Members can even shadow each other’s calls and dial in together for virtual check-ins. You can see who’s “on the sales floor” or if someone’s on a call, and whenever someone closes a deal, you can celebrate as a team!
While listening in on sales representatives’ calls, you can share immediate feedback and pair new sales reps with seasoned members so they can learn from their peers. Teamflow puts a fun spin on the traditional sales team environment to give its virtual counterpart an equivalent collaborative experience.
For virtual teams split between remote and office-based workers, WorkInSync offers a hybrid workplace solution that everyone will appreciate.
Individual members can share their work preferences such as day, time, and location so other teammates can easily see their availability and location. WorkInSync’s meeting room booking lets team members seamlessly reserve a desk or meeting room in a shared office space. If members split their time between the office and home, the team scheduling feature lets you display who’s where and when.
Another virtual workspace option for your remote team is Kosy.
What distinguishes Kosy from other solutions is that you can actually build a virtual office (think Animal Crossing for your virtual team). Design a virtual workspace that reflects your company culture, add furniture, and style a personal office to suit your tastes. Your team can “sit” together at team desks and interact with one another virtually. By seeing who’s in the office, you’ll quickly gauge who’s available for a meeting, a quick check-in, or a virtual lunch break.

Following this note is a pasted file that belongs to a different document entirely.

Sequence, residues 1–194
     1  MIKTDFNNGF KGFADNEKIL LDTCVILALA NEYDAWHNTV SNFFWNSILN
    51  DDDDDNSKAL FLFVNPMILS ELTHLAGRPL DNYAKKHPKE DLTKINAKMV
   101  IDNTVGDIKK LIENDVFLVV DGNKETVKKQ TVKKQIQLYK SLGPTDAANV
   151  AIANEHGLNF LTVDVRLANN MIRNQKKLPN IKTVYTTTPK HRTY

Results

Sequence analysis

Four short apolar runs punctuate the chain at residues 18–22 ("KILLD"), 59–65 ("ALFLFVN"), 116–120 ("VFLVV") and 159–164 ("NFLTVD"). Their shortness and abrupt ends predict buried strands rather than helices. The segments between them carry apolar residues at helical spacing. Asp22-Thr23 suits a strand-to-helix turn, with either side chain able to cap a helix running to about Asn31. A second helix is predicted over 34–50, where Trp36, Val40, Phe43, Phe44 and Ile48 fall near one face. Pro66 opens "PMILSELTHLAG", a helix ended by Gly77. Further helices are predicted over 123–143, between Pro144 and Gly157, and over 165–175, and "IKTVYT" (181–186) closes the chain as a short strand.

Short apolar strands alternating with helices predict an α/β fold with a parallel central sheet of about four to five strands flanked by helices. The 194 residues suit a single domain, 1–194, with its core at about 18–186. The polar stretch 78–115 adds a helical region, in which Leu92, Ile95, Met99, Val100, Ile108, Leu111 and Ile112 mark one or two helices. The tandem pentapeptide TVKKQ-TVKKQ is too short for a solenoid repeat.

Kosy is an incredibly engaging virtual workspace software that ramps up productivity by combining fun and functionality.
Breakroom is a virtual workspace that embraces the metaverse. It offers an immersive experience for teams that want to interact in the virtual world. Each member creates an avatar that can walk around, interact with the virtual space, and engage with other teammates.
You can even build a Digital HQ that acts as a hub of collaborative activity. Complete with whiteboards, webcam, screen sharing, and messaging tools, this Digital HQ has everything you need for effective virtual team working. Breakroom can also host virtual events and classrooms that emulate real-life experiences with interactive and immersive experiences.
Virtual team-building tools
It sounds cliché, but happy teams are effective teams. With virtual team-building software, you can unite members, boost morale, and increase motivation despite the distance and lack of face-to-face interaction.
Team-building tools help you bring the fun by incorporating a wide range of games and activities. This keeps team members engaged and increases their sense of connection and belonging.
Wildgoose offers online games and team-building activities for virtual groups. These virtual games will have your teammates laughing, solving problems, and building strong bonds.
- Escape room-style games where you have to unravel clues and escape before the clock runs out